Ontario resident barred from recovering damages in Quebec: Ontario Superior Court

The resident was injured in a motor vehicle accident in Quebec

Ontario resident barred from recovering damages in Quebec: Ontario Superior Court

Quebec’s insurance law prevents Ontario residents involved in a motor vehicle accident that took place in Quebec from recovering damages, the Ontario Superior Court has ruled.

In Neston v. Quadri, 2022 ONSC 7308, Frito Neston sued Adbulahi Ajibola Quadri before the Ontario Superior Court for a motor vehicle accident in Quebec. Quadri argued that because the accident took place in Quebec, Quebec law applies, and the plaintiff had no right to bring a civil action for his injuries. Neston and Quadri are both residents of Ontario.

On the other hand, Neston asserted that Ontario has jurisdiction over his claim because the defendant is a resident of Ontario. He cited case law stating that one factor presumptively connecting the litigation subject matter to a forum is whether the defendant is domiciled or resident in the province. He argued that it would be unfair to deprive him of a right to sue in Ontario, given that both parties are residents of Ontario.

Quebec’s substantive law applies

The Ontario Superior Court ruled that Quebec law applies because the accident in which Neston was injured occurred in Quebec. Quebec’s Automobile Insurance Act provides that “no action may be brought to recover damages from an at-fault driver for bodily injury caused by a motor vehicle accident that takes place in Quebec.”

In addition, the Supreme Court of Canada has ruled that residents of Ontario injured in motor vehicle accidents in Quebec are barred by Quebec’s substantive law from bringing legal action to recover damages. The SCC also recognized that the Quebec legislature intended the Automobile Insurance Act to apply to all persons who have an accident in Quebec regardless of their province of residence.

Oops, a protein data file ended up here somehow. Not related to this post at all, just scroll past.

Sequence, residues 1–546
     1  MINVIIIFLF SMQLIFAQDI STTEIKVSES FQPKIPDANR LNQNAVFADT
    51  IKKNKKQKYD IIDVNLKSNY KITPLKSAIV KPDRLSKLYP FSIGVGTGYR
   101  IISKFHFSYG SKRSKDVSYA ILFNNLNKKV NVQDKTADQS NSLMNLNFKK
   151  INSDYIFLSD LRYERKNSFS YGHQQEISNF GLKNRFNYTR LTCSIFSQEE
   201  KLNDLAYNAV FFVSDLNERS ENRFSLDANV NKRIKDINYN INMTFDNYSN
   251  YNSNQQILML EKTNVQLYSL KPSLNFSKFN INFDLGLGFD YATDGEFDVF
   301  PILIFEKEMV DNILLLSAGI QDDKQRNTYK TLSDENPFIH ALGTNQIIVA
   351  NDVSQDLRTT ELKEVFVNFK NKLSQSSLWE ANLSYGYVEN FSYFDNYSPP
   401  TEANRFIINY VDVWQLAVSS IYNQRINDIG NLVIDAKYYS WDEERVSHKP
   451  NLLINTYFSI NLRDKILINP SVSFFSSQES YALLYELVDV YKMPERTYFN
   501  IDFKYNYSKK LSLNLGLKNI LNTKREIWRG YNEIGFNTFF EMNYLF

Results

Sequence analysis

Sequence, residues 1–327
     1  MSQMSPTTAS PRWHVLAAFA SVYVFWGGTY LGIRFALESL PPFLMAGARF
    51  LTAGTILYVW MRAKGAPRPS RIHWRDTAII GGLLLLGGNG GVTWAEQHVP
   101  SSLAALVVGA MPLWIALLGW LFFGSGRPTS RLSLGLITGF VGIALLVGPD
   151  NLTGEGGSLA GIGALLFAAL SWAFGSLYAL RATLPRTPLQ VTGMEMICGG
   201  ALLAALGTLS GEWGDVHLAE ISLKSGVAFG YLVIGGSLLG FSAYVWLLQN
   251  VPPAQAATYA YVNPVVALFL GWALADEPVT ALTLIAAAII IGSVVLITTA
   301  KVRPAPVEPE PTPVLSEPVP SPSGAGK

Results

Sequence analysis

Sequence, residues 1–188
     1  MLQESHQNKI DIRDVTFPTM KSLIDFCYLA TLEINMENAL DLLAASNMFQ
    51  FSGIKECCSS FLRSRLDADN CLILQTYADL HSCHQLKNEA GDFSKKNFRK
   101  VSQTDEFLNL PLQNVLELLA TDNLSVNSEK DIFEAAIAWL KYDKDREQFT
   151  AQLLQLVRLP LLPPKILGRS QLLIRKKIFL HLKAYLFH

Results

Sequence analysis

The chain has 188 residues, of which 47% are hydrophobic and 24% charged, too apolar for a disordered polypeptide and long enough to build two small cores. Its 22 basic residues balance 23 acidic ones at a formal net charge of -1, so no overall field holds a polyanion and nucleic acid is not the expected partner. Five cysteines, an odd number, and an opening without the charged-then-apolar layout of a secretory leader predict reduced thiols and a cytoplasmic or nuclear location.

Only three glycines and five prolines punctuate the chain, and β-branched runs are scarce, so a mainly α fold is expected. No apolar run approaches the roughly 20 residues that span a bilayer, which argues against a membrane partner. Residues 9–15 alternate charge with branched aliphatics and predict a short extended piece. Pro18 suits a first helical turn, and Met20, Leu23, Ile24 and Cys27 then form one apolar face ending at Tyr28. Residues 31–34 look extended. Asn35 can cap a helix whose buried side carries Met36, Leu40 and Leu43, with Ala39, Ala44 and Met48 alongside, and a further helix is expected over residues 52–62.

As a result, the Superior Court concluded that the laws of Quebec barred Neston’s action. He could not sue in tort even though the parties all resided in Ontario. However, the court noted that the plaintiff was not without a remedy because he could access no-fault accident benefits through her insurer on the scale provided under the Quebec legislation.

Related stories

Free newsletter

Our newsletter is FREE and keeps you up to date on all the developments in the Ontario legal community. Please enter your email address below to subscribe.

Recent articles & video

Beware the bias of experts: Thomson Rogers’ partner, Robert Ben

Slip-and-fall claims rebounding after pandemic lull: personal injury lawyer

Avi Weiss on building in-house counsel network, crypto, and choosing the right professional path

Former deputy premier Christine Elliott joins Western University law school as leader in residence

Court rejects contingency personal injury fee retainer agreement because of deficiencies in form

Ontario Court of Appeal orders amicus to produce co-accused’s psychiatric report

Most Read Articles

Tribunal revokes licence of doctor George Otto convicted of trafficking in fentanyl

Slip-and-fall claims rebounding after pandemic lull: personal injury lawyer

How family lawyer Kevin Caspersz recommends clients keep legal costs down during divorce season

Court rejects contingency personal injury fee retainer agreement because of deficiencies in form